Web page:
…idiocy shares with idiom and idiosyncratic the root idios, which means private, separate, self-centered – selfish. “Idiotic” was in the Greek context a term of reproach. When a person’s behavior became idiotic – concerned myopically with private things and unmindful of common things – then the person was believed to be like a rudderless ship, without consequence save for the danger it posed to others. This meaning of idiocy achieves its force when contrasted with politës (citizen) or public. Here we have a powerful opposition: the private individual versus the public citizen (p. 344).
To understand the extent to which educational stakeholders are exhibiting idiotic attitudes towards ILSEAs, and education reforms more broadly, one would first need to examine the discourse around, and reactions to, ILSEAs and their results. Research on ILSEAs has primarily focused on student performance and disparities in outcomes by gender and socioeconomic status, with more limited research on stakeholder attitudes. Our recent research (reference), funded by the Open Society Foundation, sought to fill this gap by looking specifically at whether national-level educational stakeholders (e.g., ministries of education, national policymakers, other national political and social actors) value these types of international measures of student attainment and to what extent they have integrated ILSEAs into their work at the national level.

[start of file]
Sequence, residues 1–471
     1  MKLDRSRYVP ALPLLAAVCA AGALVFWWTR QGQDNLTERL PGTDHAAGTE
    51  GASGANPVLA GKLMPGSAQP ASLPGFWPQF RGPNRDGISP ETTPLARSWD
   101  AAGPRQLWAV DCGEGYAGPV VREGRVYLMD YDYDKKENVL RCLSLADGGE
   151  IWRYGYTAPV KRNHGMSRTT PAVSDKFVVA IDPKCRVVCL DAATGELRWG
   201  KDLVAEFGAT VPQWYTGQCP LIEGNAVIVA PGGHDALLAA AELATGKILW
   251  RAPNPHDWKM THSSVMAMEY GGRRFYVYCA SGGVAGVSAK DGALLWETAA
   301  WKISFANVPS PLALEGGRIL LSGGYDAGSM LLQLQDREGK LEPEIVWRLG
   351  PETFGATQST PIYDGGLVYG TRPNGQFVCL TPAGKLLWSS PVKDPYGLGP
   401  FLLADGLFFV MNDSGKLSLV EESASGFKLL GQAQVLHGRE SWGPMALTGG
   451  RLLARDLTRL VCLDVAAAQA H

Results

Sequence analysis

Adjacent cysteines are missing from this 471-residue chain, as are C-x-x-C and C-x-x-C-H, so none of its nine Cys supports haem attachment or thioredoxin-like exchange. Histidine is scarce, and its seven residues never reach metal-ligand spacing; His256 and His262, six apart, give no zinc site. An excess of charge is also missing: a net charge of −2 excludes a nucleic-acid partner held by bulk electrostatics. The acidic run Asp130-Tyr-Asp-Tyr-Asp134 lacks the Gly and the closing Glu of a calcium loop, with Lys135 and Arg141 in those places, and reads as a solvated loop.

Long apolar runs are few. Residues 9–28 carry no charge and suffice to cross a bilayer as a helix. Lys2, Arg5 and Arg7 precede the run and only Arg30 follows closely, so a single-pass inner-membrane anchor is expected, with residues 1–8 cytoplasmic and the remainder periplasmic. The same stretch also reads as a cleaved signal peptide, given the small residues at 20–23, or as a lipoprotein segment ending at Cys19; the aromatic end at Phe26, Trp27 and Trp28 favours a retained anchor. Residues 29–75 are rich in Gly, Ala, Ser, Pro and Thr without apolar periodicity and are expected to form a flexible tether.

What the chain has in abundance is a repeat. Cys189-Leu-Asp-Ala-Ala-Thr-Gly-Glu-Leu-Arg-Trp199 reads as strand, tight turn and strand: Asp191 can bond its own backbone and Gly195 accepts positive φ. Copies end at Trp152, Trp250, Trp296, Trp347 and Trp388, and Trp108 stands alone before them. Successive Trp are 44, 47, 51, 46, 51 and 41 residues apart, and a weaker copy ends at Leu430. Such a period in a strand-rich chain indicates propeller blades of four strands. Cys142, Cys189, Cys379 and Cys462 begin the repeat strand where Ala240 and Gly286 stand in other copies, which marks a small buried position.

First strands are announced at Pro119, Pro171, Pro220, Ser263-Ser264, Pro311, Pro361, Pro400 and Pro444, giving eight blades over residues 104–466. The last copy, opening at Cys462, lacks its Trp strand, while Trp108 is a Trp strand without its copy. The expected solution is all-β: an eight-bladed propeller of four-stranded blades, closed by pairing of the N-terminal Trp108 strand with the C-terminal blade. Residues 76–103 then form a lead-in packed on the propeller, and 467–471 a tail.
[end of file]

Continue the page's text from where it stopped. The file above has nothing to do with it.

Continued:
ILSEAs as Tools of Legitimation
Our exploratory review of the ILSEA literature found that policymakers appear to be using these assessments as tools to legitimate existing or new educational reforms, although there is little evidence of any positive or negative causal relationship between ILSEA participation and reform implementation. That is, educational reform efforts have often already been proposed or underway, and policymakers use ILSEA results as they become available to argue for or against new or existing legislation.
At the same time, results from our two surveys of ILSEA experts, policymakers, and educators pointed to a growing perception among respondents that ILSEAs are having an effect on national educational policies, with 38% of all survey respondents stating that ILSEAs were generally misused in national policy contexts. Interestingly, experts are generally more critical in their assessment of ILSEAs compared to non-experts, with 43% arguing that ILSEAs are often being misused. They explain that policymakers have little understanding of ILSEAs and use them for “ceremonial effects,” while at the same time arguing that these assessments are too broad and decontextualized to be used meaningfully in national contexts. Based on their professional and personal experiences, respondents were divided over whether ILSEAs actually contribute or hinder national education reform efforts.